Our world isn’t looking so good, though our view depends on where we stand in society. The atrocities that people suffer around the world at the hands of one another, or at the hands of Mother Nature, are hard to comprehend. But the minute digs (like paranoid actions because of the unknown) that we don’t notice are also doing equal damage to the way that we feel we should be allowed to live. Sometimes it takes enormous tragedy to get even the slightest bit of momentum forward to make change happen… simply because we can no longer stomach the way that we exist.
As a busy fan of Bones, it is sometimes much later when I can actually view a show. A particular show that took place in 2012, The Patriot in Purgatory, hit all of my buttons for reasons that had little to do with the main force that drove the exemplary Jeffersonian team to find out the truth about a man in the shadows. Not shadows as we’ve been hearing due to national security, but shadows as in someone who didn’t fit into our idea of who or what is acceptable. Take a brief glimpse at this short tribute done by LamaxProductions1 (courtesy of YouTube):
There were several important moments in this episode that helped to remind us of why being human holds its own strengths and weaknesses. Like the moments:
- When Arastoo told Brennan that it was his duty to help this one man swept under the rug get his moment of truth;
- And when an unthinking Finn asked if Arastoo would be fine continuing the examination of the homeless man he brought into the light, simply because of his beliefs;
- And when Fisher forced everyone to face the unspoken boogieman that no one wanted to admit to in his own “crazy” (his words) way;
- And finally when Booth choose to memorialize a man who continued to shape our world in his own way, even after the atrocities of war that he had experienced.
Watching the news everyday can make one go insane. The fact that people who are in leadership positions choose to ignore the inconvenient because it will shake the foundation they count on to stay solid. Or the fact that selfishness seems to be the underlying motivation to stop cooperation. Or even the fact that one specific view demands precedence over all else. And on and on and on…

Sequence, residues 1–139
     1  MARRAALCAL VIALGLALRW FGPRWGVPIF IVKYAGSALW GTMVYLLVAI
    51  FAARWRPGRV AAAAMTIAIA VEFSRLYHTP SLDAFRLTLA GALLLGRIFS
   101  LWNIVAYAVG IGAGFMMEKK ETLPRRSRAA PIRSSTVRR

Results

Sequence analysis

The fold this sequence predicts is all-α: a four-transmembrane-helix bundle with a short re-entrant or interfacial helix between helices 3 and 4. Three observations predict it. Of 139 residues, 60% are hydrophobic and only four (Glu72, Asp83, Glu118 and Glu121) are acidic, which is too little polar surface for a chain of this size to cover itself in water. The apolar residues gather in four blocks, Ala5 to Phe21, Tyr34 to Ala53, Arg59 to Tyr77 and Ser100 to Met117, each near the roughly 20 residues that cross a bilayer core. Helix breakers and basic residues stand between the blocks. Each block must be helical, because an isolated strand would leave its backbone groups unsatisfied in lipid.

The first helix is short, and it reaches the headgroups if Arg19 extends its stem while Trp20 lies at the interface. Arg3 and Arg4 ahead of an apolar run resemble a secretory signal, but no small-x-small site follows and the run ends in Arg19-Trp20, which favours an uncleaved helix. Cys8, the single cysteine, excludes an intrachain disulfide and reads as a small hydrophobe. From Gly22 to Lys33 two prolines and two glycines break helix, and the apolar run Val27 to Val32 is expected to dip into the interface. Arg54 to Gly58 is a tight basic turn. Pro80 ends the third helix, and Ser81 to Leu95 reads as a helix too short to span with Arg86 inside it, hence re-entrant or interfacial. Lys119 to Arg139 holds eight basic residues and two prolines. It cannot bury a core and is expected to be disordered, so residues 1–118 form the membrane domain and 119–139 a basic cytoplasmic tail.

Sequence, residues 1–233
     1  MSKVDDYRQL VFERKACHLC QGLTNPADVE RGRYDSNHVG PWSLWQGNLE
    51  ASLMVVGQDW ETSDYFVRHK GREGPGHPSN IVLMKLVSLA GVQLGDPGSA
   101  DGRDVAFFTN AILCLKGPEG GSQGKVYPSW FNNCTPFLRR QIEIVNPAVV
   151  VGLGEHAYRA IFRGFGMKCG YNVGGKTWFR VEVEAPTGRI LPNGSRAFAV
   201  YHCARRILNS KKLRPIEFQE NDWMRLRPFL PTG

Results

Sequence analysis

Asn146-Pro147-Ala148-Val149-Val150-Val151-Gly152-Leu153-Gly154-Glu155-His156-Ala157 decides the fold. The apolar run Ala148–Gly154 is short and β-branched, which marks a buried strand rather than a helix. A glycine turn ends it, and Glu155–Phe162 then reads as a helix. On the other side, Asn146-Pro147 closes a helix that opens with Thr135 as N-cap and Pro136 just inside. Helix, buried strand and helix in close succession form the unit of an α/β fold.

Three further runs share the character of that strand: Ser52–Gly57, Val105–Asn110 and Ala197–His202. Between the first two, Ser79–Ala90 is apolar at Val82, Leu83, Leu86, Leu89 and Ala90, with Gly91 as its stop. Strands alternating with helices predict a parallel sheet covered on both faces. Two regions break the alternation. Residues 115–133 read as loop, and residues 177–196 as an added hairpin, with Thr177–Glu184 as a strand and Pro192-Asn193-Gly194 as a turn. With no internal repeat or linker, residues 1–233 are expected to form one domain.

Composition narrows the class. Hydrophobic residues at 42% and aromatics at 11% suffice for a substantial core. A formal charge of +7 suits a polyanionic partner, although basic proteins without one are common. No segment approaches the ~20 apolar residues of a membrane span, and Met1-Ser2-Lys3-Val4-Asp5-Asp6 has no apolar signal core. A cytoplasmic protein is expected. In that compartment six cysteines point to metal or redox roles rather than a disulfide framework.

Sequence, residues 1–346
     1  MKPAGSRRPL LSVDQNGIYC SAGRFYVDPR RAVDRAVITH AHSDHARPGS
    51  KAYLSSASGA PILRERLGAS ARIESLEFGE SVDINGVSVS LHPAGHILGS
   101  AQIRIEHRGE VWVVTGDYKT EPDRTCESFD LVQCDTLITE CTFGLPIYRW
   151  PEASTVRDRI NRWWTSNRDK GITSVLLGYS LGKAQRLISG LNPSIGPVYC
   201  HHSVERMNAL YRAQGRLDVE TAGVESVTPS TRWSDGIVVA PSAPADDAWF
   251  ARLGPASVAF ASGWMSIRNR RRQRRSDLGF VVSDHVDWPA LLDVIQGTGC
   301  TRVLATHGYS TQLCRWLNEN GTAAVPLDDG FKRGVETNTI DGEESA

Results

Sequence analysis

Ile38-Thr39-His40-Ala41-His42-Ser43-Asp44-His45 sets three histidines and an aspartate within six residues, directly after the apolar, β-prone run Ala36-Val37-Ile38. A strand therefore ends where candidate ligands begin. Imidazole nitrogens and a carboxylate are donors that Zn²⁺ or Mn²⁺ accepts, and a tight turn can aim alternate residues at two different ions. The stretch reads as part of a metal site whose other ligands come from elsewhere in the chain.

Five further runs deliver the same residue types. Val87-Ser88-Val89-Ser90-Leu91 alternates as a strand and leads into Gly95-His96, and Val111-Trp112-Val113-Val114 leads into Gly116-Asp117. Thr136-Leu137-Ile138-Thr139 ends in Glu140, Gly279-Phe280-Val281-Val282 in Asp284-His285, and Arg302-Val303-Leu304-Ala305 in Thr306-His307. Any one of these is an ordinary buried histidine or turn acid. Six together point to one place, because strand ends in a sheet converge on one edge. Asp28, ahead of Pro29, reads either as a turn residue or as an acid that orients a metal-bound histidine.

It’s only moments when people push back against the accepted norm that we actually have a chance of making the world a better place. These so-called outlier personalities force us to face the uncomfortable truth that we have let this world fall apart for far too long. It has little to do with generations, because there are outliers in every generation. It’s more about how we each choose to raise and nurture our humanity.
There are those who want the world to be a better place, and their sense of justice permeates every atom in their being. It moves them to do things that others would call naive or insane because it’s not what everyone else would do. But it’s these moments of insanity that focuses the reality as though looking through a powerful microscope. When we strip away all of the dressing, we confront the truth as we see it. Both good and bad.
When others around us see this same truth, it becomes a new foundation on which to build the next iteration of life. Hopefully this iteration takes into account what we all as a single humanity desire more than all else. Hopefully it has nothing to do with power, wealth, personal security, or any of those other trappings that do so little to the actual nurturing of life in its entire complexity and mutual dependence on one another.
Here’s to another emotionally necessary reminder that we are all capable of shaping our world in our own way. But it’s together that we shape a future that respects all. Don’t listen to leadership words. Learn why they are spoken so that you get the ultimate lesson that life provides us on a daily basis. Word can become anchors when actions repeat without thought. But actions that have weighted thought behind them, that take everything into account, are what motivates others to follow. So we need to make our impactful actions live up to the thoughts behind the words. Because they all are shaping our world in a collective, maybe even exponential, way.
That’s your ( my, and our) legacy.